Legacies of Empire #1: academic debates

Recent conversations about the good, bad, ugly and indifferent legacies of the British Empire…

The debate about the legacies of the British empire does not go away. Various academic projects are devoted to it, while public discourse usually responds reactively to contemporary issues and debates such as Black Lives Matter.

This blog series will highlight some recent conversations on this topic, in both the academic sphere and in general public conversations.

Below are links to some academics in debate mode:

The British Empire and Race: A Debate with Robert Tombs | Snapshots of Empire (sussex.ac.uk) (sussex.ac.uk): leading scholar of the British empire, Alan Lester, recently invited a leading scholar of French and English history, Robert Tombs, to debate with him on his website the subject of ‘The British Empire and Race’. Lester commences his precis of this topic by stating that ‘the Empire cannot be reduced to racism but nor should the extent of its racism be denied as part of a backlash against Black Lives Matter’. And while empires have been the norm in history and Britain’s was possible only with indigenous collaboration, the British Empire was unique in maintaining the rule by ‘white people over people of colour’ on six continents, including the transport of 3 million enslaved Africans to the American and Caribbean plantation colonies and subjection of Native Americans, Aboriginal Australians, the Xhosa and the Maori (to name but some). Lester concludes by stating that while the empire ‘secured prosperity for many people, but we should acknowledge that its legacy of racism is not a fiction of the Black Lives Matter movement’.

In reply, Robert Tombs argues that the British Empire ‘conferred certain benefits, including protection from foreign attack, access to international trade, modern administration, technology, capital investment and order.  It did so fairly cheaply: taxation was lower than in independent states.’ Tombs suggests many of the former colonies were ‘worse governed’ after independence during the period 1940s-60s – including by the nationalist elites that sought self-government. He argues that attacks on the British Empire or its legacy are almost entirely driven by present day politics and values; by contrast, he suggests the Ottoman and Mughal empires are assessed more dispassionately. He suggests dispassionate scholarship would employ a comparative method, assessing the British Empire against other contemporary empires, settler states, non-colonized states (China, Thailand, Ethiopia) and non-state societies, and with previous rulers and with successor governments. He states that ‘without at least a broad comparative perspective, judgments are arbitrary, even meaningless.’ He asks whether Britain today is institutionally racist as a consequence of empire, and points to recent EU studies that show racial harassment are lowest in Britain and Malta and that inter-ethnic group violence is lowest in Britain and Portugal, and various other comparatively positive racial indicators for Britain.

Alan Lester replies briefly: he argues Prof Tombs did not keep to the terms of the debate on the ‘British Empire and race’ and that Tombs arguments are equally if not more political than his own. This debate was also published on Debating the British Empire – History Reclaimed.

There are various other prongs to this debate about the British Empire, including ones that focus on the benefits and/or exploitative nature of the industrializing process. For example, 18th century scholar, Jeremy Black, argues that industrial technologies benefitted people and increased work and living standards the world over: Defending Our Heritage: Richard Arkwright – History Reclaimed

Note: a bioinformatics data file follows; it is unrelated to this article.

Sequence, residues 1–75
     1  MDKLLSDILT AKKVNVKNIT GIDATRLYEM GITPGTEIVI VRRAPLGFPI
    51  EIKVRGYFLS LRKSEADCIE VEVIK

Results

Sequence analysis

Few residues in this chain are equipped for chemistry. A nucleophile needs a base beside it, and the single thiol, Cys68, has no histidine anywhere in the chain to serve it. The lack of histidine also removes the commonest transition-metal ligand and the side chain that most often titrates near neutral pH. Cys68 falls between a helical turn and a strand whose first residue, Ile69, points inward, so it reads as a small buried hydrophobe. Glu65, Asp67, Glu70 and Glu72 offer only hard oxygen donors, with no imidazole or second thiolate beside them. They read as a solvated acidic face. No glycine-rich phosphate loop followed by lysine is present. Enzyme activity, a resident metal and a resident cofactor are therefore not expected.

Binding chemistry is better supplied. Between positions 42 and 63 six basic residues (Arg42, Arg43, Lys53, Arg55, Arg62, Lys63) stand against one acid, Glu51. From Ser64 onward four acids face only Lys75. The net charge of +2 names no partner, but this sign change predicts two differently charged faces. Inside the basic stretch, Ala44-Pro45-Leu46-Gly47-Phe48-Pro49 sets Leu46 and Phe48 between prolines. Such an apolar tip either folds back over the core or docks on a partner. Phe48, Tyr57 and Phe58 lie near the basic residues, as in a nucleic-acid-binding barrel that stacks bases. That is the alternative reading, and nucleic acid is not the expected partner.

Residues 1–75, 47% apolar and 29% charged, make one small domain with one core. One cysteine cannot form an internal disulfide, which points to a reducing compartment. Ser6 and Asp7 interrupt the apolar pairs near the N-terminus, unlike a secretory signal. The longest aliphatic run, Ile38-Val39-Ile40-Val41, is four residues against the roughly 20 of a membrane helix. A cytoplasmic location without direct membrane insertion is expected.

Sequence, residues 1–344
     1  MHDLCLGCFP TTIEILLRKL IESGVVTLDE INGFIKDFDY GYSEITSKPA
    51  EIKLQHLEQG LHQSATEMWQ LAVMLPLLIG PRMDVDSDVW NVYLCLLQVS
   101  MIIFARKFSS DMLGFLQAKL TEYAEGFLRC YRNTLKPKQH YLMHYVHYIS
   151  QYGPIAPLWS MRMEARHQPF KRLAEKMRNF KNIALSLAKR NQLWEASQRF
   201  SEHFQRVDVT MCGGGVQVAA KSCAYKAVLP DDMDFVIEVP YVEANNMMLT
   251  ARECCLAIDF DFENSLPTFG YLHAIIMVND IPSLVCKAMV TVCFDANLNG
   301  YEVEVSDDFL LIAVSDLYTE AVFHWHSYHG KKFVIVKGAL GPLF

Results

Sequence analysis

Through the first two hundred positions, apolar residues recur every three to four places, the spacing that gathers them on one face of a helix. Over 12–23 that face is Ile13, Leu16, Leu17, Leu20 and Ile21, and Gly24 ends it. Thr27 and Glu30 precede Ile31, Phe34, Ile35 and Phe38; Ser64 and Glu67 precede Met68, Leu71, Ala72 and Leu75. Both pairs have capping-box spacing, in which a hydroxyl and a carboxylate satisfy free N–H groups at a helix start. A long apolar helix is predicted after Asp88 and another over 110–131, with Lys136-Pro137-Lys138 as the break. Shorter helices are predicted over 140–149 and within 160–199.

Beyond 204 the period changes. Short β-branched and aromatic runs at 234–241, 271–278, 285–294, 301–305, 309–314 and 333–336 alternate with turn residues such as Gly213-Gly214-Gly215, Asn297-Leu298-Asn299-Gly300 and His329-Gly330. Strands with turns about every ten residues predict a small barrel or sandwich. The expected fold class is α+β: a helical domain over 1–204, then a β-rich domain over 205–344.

Below are links to interesting project websites:

Legacies of British Slavery (ucl.ac.uk): a mostly quantitative study of slavery ownership in the British Caribbean, Mauritius and the Cape Colony, its economic legacies for owners, and other cultural and historical outcomes; the project is now looking more intensively into the lives of enslaved people.

Inquiring Into Empire: a project on commissions of inquiry in the British empire, involving various UK and Australian academics.

A current project of Prof. Zoe Laidlaw at Melbourne University is the Western Australian Legacies of British Slavery project.

Below are some links to recent leading academic works on the subject:

Ruling the world | FifteenEightyFour | Cambridge University Press (cambridgeblog.org): this important work by Peter Mitchell, Kate Boehme & Alan Lester – Ruling the World: Freedom, Civilisation and Liberalism in the Nineteenth-Century British Empire (CUP, 2021) – studies three slices of empire time in the attempt to describe what ruling an empire of global reach entailed: in 1838 the Westminster authorities were facing settler rebellions in the Canadas, a famine in India, the First Anglo-Afghan War, and the First Opium War with China (and more besides, including projected colonization of New Zealand); in 1857, it was the Indian Uprising and the Second Opium War (and more besides); by 1879, it was an empire of increasing distinctions along lines of race, with the Second Anglo-Afghan War and wars of imperial confederation in southern Africa (and more besides).

Protecting the Empire’s Humanity (cambridge.org): this very recent work by Zoe Laidlaw (Melbourne University, formerly University of London) explores the life of Dr Thomas Hodgkin and the campaigns of the Aborigines’ Protection Society to expose the treatment of indigenous peoples in Britain’s empire and colonies and to advocate schemes for their protection and “civilization”. It highlights the many failures and “occasional successes” of this enterprise.

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